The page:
How ACH works: A developer perspective - Part 5

Since part 4 of this series, a lot has changed with the US FinTech landscape that enables companies like Gusto to move money safely and speedily. In this part, we will look at some recent developments announced by NACHA, specifically around Same Day ACH.
Before we get going, make sure to refresh your memory on ACH basics and lingo from part 1, as well as on ACH timing from part 3.

So what’s new?

Same day ACH is a set of rules which give the option to ODFIs to transact money (debits or credits) and mandate RDFIs to settle funds on the same banking day. This theoretically allows Originators and Receivers to be able to send and receive funds within the same day.
In September 2016, Phase 1 of NACHA’s Same Day ACH rules became effective, allowing same day credits.
In September 2017, Phase 2 was rolled out for debits.

These enhancements come with some caveats, so let’s see if same day ACH is right for you.

Regular ACH timing (all times in PT):

Same Day ACH timing:

Leg 2 and Leg 3 can now happen sooner on Day 1. There are 2 new windows for the ODFI to forward the ACH request to the Fed (and the RDFI) and for the RDFI to settle the funds.

Window 1: Fed receives ACH request by 7.30am PT, RDFI settles funds by 10am PT
Window 2: Fed receives ACH request by 11:45am PT, funds settled by 2pm PT

In addition, with Phase 3 in March 2018, the rules mandate RDFIs to make funds available to Receivers by 5pm RDFI’s local time.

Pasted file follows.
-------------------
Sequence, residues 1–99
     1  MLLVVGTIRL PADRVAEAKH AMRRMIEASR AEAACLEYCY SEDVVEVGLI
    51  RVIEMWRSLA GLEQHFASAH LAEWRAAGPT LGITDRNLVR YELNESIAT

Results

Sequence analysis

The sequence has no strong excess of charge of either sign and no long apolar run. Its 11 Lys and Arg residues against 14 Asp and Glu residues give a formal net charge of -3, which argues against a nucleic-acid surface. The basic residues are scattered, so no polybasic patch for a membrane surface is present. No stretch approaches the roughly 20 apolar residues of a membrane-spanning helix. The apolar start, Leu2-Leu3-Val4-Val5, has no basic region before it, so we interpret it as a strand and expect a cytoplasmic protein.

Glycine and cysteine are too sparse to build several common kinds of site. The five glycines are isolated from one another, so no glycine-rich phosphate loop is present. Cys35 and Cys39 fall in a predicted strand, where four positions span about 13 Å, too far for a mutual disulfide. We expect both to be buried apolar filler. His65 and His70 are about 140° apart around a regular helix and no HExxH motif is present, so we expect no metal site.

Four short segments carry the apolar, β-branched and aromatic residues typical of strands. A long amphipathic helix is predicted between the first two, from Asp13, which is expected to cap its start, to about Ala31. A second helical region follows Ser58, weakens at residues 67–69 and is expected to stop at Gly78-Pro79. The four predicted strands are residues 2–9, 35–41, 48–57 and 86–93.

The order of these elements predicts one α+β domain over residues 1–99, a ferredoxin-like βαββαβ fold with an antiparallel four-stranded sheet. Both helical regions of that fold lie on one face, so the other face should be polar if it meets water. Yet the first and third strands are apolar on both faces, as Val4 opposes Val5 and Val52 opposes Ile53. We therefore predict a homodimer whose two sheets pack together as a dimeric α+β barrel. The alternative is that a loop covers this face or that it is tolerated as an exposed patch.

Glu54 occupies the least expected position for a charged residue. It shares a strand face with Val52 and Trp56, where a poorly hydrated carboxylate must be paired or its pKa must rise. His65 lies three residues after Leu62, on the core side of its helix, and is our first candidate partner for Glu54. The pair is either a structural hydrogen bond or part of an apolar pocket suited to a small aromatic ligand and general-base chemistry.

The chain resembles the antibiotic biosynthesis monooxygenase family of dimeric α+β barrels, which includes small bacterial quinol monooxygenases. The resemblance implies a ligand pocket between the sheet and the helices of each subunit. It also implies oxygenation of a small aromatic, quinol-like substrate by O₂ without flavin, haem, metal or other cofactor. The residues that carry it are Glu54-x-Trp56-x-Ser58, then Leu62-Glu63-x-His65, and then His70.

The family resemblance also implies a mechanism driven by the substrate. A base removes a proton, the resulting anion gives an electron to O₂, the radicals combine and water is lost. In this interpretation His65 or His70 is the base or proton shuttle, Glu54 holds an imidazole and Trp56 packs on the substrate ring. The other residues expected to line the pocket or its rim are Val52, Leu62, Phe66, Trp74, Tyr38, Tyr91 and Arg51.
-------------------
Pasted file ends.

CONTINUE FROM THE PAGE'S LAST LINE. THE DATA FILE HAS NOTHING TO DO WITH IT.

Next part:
Here’s what the same day ACH timeline looks like for Window 2 (all times in PT)

How do I use it?

Originators can request same day ACH for transactions by setting the Effective Entry Date and Company Descriptive Date (check if required by your ODFI) fields to the same banking day as the day of submitting the the ACH file. These fields are on the batch header record of the ACH file.
Unfortunately, there are some practical limitations to be aware of before implementing same day ACH:

  1. International transactions (IATs) are excluded from same day ACH rules.
  2. ODFIs must set an earlier cut-off time to receive and process ACH files with same day entries from the Originator. In our case, the cut-off time set by our bank is 9am PT for Window 2. This in turn means that we would need an even earlier payroll run deadline to meet the final same day ACH window.
  3. There is a $25,000 per-transaction limit on same day ACH entries. NACHA guidance prohibits splitting larger transactions to work around this limit, but allows genuine use cases of multiple transactions between the same accounts on the same day.
  4. Banks are positioning same day ACH as an alternative to wires and pricing it accordingly. Depending on your relationship and contract with your bank, the per transaction cost can be more than 100 times that of regular ACH.
  5. Lastly but quite significantly - the timeline for leg 4 and leg 5 remains unchanged. This means RDFIs still have 24 hours to respond to the ACH request and it can still take 2 business days for the Originator to be notified of any returns. The “no news is good news” policy remains intact and even with same day settlement, it makes sense to wait at least 2 business days before you can assume that your transaction was successful.